It's hard to believe that back in the summer of 1980, Stanley Kubrick's The Shining was a "failure" on many levels. I still vaguely recall the critics and moviegoers complaining about the film - that it wasn't scary; that the acting was over the top; that it was too long. Stephen King even killed the movie in the press when it was released.
But to me, the trailer just scared the shit out of my 12 year-old self. I wanted to see it. Bad. That low tracking shot of Nicholson in semi-profile, limping through the snow with an axe, chasing after his little boy, was enough to give me nightmares for a week. That's still one of my favorite images from any movie, ever.
I never did see The Shining during its theatrical run; my parents wouldn't allow it. Ironically, they did let me see The Amityville Horror the prior year, and Poltergeist a couple years later - two other films dealing with supernatural events tearing at the family unit. Kubrick's film seemed reviled upon its release. No one really championed it, and few wanted to see it.
I finally saw it on a pay TV channel called ON-TV a year later and, not surprisingly, I fell in love with it. Curiously, I was most drawn to the scene of Nicholson at the bar conversing with “Lloyd,” the bartender. I didn’t know much about acting back then, but I was fascinated with all the little things Nicholson was doing with his face, his eyes, and his hands. I could watch that scene over and over and still see new things going on. I still do.
I also really dug the various smooth tracking shots, which I later learned was accomplished with the Steadicam, operated by its inventor, Garrett Brown. But the music was what really sent me over the moon. It created a palpable mood and atmosphere. It was also an assault on the senses. I’d never heard music like that before - dissonant and beautiful; ominous and foreboding. Many years later, I tracked down Gordon Stainforth, the assistant editor who was instructed by Kubrick to create the sound montage that would become the soundtrack, along with cues written by composer Wendy Carlos. Here’s my interview with Stainforth.
The production of The Shining also fascinated me. I heard/read that it took two years to make; that Kubrick had his actors do 20, 30, 50 or more takes; that the entire interior of the hotel was a constructed set which burned down toward the end of production; that Kubrick edited his film after it had been released to theaters; that he wanted all home video releases of his flat (non-widescreen) films - including The Shining - presented in a 4:3 non-letterboxed “square” ratio. Etc., etc. Here’s a great site which answers pretty much any question you ever had about The Shining. If you're a fan, be careful, you'll be there a while!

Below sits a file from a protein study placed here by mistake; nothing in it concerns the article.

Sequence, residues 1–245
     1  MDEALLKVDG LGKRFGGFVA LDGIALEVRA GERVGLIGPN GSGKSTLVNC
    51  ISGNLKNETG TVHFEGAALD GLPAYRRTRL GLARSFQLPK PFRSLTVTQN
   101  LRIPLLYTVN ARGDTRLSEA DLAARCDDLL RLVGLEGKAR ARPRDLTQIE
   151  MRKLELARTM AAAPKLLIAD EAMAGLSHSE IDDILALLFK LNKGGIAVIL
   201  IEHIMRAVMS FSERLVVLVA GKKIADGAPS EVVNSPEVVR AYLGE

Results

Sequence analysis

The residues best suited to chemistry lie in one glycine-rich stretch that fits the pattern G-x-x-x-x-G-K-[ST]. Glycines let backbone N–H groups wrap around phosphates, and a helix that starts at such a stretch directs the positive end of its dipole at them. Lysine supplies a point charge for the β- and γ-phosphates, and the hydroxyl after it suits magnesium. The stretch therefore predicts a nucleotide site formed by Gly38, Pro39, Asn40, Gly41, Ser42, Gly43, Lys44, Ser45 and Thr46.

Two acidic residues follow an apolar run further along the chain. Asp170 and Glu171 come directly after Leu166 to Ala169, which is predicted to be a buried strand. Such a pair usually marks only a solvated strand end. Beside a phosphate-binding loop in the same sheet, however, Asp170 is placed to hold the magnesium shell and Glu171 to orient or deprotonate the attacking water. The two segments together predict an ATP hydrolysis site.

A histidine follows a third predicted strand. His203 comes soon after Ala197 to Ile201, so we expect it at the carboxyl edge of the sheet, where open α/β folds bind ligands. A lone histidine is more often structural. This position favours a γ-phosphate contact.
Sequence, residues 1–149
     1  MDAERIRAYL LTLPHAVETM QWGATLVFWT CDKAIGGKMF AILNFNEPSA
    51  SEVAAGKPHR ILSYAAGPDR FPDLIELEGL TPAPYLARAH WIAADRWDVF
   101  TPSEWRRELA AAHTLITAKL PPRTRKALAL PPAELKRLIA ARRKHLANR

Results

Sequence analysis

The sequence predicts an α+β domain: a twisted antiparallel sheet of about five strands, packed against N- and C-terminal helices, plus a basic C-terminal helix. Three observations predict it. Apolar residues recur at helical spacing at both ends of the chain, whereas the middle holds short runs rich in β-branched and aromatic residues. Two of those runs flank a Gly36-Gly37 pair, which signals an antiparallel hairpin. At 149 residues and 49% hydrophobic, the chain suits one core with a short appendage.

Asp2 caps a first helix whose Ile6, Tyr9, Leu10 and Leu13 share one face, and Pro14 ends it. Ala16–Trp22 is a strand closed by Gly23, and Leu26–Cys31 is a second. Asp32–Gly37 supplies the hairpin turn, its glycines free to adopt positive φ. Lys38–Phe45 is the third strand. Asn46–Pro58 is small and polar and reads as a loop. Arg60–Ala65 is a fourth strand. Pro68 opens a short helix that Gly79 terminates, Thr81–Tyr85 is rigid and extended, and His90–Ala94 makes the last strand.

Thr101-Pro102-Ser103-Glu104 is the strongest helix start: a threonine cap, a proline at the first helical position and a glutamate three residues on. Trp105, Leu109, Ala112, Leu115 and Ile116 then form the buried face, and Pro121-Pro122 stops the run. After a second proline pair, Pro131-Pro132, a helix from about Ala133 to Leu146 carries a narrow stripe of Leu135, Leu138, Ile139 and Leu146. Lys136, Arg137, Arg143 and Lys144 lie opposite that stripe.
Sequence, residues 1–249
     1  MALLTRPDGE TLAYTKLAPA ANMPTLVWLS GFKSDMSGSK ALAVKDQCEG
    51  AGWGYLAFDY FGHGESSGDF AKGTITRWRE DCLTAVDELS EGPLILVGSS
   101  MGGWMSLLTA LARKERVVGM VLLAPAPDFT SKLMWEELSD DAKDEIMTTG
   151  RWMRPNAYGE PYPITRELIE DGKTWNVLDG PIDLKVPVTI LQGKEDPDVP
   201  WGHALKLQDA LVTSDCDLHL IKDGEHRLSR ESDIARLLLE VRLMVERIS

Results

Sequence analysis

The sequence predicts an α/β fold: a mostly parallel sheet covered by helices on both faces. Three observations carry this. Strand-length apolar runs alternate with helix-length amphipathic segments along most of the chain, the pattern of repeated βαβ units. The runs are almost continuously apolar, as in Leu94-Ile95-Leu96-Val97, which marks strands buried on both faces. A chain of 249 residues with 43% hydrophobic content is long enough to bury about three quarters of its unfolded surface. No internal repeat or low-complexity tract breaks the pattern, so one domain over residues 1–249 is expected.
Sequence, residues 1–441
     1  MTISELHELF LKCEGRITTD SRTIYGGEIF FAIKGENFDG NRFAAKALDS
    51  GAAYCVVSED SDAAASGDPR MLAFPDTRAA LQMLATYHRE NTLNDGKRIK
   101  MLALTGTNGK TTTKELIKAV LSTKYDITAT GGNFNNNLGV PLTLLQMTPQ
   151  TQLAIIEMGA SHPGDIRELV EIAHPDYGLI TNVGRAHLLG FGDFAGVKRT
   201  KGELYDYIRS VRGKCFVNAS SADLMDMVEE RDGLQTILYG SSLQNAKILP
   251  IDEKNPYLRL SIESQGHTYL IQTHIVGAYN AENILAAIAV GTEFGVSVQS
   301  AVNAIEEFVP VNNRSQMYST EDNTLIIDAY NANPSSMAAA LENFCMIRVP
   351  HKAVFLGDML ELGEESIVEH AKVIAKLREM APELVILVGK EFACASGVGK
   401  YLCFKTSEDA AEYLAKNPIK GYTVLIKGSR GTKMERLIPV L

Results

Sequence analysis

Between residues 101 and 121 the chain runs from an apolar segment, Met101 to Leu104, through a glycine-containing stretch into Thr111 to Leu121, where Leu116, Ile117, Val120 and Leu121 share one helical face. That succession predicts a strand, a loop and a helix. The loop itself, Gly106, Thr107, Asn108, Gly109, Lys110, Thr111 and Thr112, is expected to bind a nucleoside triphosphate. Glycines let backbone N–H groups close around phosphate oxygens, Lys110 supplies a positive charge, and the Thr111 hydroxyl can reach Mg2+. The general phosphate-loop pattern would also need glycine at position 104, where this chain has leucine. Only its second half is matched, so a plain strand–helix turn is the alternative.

Of course, the film is now considered a classic. Kubrick's films all have a way of gaining in reflection. I own the laserdisc, two different DVD releases, and now the Blu-ray, which for the first time presents The Shining in a 1.85:1 ratio in a glorious 1080P VC-1 encode and accompanying 5.1 Dolby TrueHD soundtrack. I can’t really express how beautiful this film looks (and sounds) on Blu-ray. You can see the snow falling behind the blown out windows, lit by the late, great John Alcott; the small details in Nicholson’s jacket during the job interview; the texture of the Overlook Hotel’s walls. Wow.
Vivian Kubrick’s wonderful behind-the-scenes documentary, “Making ‘The Shining’” has been ported over from the last (good) DVD release from 2001, and there is just a wealth of stuff in the special features. More than one can imagine.
So is The Shining a horror film? A domestic tragedy? A black comedy? I’ve seen the film dozens of times and depending on my mood and/or state of mind, I find that the answer is…yes.
The Shining on Blu-ray is must-viewing this Halloween season.